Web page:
In a report we prepared for the Rutgers AAUP-AFT, we presented an overview of such issues and analysis of ten different LMSs with which Rutgers is contracted under license agreement, taking into consideration the following categories of analysis: efficacy, profits, privacy, security, and FERPA. Some of the problems we noted at Rutgers are common across higher education, including

  • improper use of dashboards and diagnostic data generated by the LMS to make poor assessments and engage in misguided “data-driven decision-making”;
  • opacity around vendors’ use of data, including curricula, student data and work, and user site metrics;
  • playing fast and loose with FERPA compliance— instructor and student consent are never obtained, company compliance is never verified;
  • terms of service and privacy policies that release the learning platform company from all liability;
  • questionable archiving of and ownership terms for intellectual property, such as student data, student work, and instructor course materials;
  • permissions policies that in some cases may allow the reuse of instructor course materials by the company or other instructors;
  • removal of the instructor’s agency in determining whether to use university-licensed platforms in their own classes, which platforms to use, and how to use them;
  • inequitable terms in licensing contracts that allow companies to extract value from colleges and universities in exchange for largely unproven educational interventions; and
  • further centralization of the power of university administrators and corporate vendors at the expense of students and instructors, who have no say in these contracts.

Our analysis focused on teaching and instruction, assessment, and classroom-management platforms, concluding with a set of analyses and recommendations for the Rutgers AAUP-AFT.

Learning Analytics

“Learning analytics” means different things to dif­ferent people in different contexts, which can cause miscommunication and confusion. We approached our analysis from the perspective of scholarly learning-analytics research, which contributes a substantial base of scientific methods and techniques for analyzing discourse, social networks, sentiments, predictive mod­els, and audiovisual and textual content that center on enhancing learning. But most of these design-based research innovations remain necessarily small-scale, and they are in stark contrast with the basic e-learning course shells used in generic mass online learning in higher education.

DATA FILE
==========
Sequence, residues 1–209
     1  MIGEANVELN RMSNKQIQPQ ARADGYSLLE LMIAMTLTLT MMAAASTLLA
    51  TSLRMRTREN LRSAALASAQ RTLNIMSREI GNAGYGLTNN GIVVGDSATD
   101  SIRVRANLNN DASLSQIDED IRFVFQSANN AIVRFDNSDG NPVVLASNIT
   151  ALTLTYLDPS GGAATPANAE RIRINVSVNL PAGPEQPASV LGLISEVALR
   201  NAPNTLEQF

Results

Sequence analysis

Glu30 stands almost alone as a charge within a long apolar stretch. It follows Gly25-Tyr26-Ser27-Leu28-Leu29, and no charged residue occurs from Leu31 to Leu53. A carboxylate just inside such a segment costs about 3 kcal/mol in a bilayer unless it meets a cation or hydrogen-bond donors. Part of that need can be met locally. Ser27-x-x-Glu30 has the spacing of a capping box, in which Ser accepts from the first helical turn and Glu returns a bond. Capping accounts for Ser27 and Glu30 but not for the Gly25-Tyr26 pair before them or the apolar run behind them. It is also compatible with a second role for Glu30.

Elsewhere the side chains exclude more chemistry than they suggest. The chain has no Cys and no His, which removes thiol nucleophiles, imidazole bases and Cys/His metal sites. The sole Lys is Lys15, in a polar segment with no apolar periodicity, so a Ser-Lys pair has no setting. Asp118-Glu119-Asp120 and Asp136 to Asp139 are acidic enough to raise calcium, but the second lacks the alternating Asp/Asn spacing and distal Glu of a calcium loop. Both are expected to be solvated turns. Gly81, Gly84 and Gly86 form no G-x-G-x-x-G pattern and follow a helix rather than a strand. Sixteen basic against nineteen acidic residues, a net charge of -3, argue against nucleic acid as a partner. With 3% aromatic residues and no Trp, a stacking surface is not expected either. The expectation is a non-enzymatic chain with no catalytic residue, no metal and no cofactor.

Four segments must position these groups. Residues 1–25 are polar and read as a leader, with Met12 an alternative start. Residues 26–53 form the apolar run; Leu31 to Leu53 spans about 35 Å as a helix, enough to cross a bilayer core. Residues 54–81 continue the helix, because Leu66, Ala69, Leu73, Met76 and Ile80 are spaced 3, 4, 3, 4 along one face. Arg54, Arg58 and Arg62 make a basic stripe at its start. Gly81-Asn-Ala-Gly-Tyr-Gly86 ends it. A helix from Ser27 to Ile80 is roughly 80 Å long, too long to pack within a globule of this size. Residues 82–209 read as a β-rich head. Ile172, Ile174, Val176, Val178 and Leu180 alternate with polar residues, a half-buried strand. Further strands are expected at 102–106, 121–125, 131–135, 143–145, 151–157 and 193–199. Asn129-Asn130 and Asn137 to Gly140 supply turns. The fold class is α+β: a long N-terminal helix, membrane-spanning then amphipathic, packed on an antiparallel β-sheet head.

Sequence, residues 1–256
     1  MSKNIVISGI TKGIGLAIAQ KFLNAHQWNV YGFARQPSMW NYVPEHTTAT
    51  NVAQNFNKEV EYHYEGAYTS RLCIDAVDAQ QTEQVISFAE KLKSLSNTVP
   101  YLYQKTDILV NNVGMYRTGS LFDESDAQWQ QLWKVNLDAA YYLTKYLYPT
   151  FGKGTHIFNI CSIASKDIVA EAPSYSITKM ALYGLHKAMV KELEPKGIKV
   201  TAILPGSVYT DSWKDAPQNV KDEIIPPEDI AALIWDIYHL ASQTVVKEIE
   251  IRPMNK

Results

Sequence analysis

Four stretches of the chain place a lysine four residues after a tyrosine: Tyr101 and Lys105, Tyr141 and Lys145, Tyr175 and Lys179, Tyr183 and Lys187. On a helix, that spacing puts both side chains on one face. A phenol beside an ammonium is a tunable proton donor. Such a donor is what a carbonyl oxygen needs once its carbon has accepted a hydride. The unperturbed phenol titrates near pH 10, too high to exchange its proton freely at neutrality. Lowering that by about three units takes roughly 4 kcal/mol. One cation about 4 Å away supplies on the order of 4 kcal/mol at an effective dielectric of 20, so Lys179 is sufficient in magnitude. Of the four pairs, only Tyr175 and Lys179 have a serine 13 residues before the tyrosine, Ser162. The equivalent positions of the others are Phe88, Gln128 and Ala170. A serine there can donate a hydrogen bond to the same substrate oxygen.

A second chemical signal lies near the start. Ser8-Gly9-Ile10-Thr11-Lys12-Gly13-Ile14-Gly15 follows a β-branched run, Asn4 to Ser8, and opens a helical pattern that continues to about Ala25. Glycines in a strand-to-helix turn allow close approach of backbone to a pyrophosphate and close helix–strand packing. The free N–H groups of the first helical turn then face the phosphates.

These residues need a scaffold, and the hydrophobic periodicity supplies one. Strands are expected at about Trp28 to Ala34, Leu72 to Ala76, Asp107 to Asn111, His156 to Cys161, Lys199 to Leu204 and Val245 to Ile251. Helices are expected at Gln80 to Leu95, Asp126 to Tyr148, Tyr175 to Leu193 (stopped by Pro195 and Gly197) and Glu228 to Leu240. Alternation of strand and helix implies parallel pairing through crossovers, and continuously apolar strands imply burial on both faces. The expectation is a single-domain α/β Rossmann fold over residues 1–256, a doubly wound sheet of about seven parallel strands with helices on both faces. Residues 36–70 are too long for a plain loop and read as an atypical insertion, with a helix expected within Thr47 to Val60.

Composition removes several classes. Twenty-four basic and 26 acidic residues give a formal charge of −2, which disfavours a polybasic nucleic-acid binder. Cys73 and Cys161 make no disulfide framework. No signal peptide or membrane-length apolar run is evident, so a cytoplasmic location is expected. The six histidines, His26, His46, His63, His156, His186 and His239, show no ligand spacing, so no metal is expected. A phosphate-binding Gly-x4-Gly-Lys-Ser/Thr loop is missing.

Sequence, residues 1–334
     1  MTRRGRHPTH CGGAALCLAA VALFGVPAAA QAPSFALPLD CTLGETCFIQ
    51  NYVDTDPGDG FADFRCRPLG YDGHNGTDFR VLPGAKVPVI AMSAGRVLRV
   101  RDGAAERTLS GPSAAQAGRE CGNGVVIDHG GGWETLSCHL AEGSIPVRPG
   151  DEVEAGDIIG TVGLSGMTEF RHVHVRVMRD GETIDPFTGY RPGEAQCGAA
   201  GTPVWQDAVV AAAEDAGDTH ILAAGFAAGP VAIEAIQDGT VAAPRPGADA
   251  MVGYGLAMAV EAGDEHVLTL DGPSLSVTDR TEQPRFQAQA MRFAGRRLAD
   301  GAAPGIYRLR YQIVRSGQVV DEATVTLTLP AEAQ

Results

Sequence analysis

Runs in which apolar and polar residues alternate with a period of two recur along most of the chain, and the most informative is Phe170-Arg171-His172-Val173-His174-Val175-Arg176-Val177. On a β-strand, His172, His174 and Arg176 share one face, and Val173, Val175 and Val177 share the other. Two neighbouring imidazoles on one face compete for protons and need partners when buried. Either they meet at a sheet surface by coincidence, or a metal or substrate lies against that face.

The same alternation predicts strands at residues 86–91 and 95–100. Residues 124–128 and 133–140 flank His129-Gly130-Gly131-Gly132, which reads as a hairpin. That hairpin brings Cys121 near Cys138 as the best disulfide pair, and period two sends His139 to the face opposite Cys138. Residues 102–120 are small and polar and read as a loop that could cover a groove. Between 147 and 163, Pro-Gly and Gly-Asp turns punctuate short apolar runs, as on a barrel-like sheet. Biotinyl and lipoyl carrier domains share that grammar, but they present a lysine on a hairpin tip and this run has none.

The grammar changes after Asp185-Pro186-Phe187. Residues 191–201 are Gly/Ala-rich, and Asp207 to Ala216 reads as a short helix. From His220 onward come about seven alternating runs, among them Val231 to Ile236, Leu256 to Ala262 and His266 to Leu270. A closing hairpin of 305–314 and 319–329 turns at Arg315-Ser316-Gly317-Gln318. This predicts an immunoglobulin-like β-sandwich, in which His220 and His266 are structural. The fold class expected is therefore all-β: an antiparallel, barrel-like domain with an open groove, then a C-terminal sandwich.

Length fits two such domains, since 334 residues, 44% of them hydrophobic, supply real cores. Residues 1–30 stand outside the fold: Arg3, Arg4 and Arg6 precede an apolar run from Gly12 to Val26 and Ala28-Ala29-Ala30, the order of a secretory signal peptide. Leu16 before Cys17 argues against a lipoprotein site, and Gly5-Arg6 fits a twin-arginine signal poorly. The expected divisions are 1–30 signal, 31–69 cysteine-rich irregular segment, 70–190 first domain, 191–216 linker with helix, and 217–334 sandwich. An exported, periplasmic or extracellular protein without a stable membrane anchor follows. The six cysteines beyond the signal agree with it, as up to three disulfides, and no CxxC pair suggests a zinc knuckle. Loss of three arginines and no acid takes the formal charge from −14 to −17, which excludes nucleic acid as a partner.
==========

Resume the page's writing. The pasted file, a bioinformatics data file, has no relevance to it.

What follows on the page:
Those in the field of learning analytics posit that e-learning systems, at minimum, should improve upon traditional in-person teaching. Small-scale, evidence-based learning-analytics systems are most often designed to support learning in one given problem context in one specific subject domain for one popula­tion of learners. For example, a customized learning technology in a scientific field like physics might be built to assist undergraduates in solving a phys­ics problem. The system might include simulations, gaming elements, or data-mining features to train algorithms to help students with automated prompts or pop-ups that appear at the student’s pace, thereby “scaffolding” the student’s cognition at appropriate moments in problem-solving. The system’s efficacy should be tested and improved. This type of student-centered, rigorous innovation is grounded in scientific learning analytics and offers significant potential for providing insight into vital educational practices. Learning-analytics approaches in P–12 and higher education are already radically changing teaching and learning, and there are positive, evidence-based gains to be made. However, improving learning is not the primary goal of some of the most widely used learn­ing platforms. We must all become more discerning consumers of these online learning products, examining their scholarly grounding and constantly assessing them according to our student-centered educational goals.

Research from George Siemens in 2012 showed how large-scale learning-analytics speculators moti­vated by profit are generally unmoored from the scholarly research base and are rapidly implement­ing subpar, unvalidated solutions—for example, by incorporating untested basic analytics practices, models, and algorithms from business intelligence and emergent “data science” fields. The rapid and uncriti­cal application of untested, methodologically invalid analytics systems (such as the large corporate LMS vendor platforms) in higher education can magnify inequities and compromise the quality of education, adversely affecting students’ educational trajectories and career preparation.

Rutgers as a Case Study

Even as Rutgers rushed to move courses online during the COVID-19 pandemic, the predominantly corpo­rate e-learning technologies in place were inadequate. Moreover, research from Rutgers communications scholars Amy Jordan and Vikki Katz found that more than “two-thirds [of students] . . . hit their smart­phone data cap as courses went remote and just under half had a laptop broken for 10+ days” in the first few months after going online. This suggests that Rutgers’s assumptions about student access to the internet and technology (if indeed much thought went into it at all) ended up exacerbating existing inequity. “Roughly two-thirds of respondents,” Jordan and Katz reported, had “trouble keeping track of deadlines or clearly understanding what is expected of them with remote learning.” This finding points to an unprecedented crisis, and Rutgers should have had a contingency plan. The instructors were not at fault; the problem existed primarily because the large-scale, one-size-fits-all learning technologies offered by corporate vendors were not designed to be functional in the learning scenarios where Rutgers urgently needed (and still needs) them to be.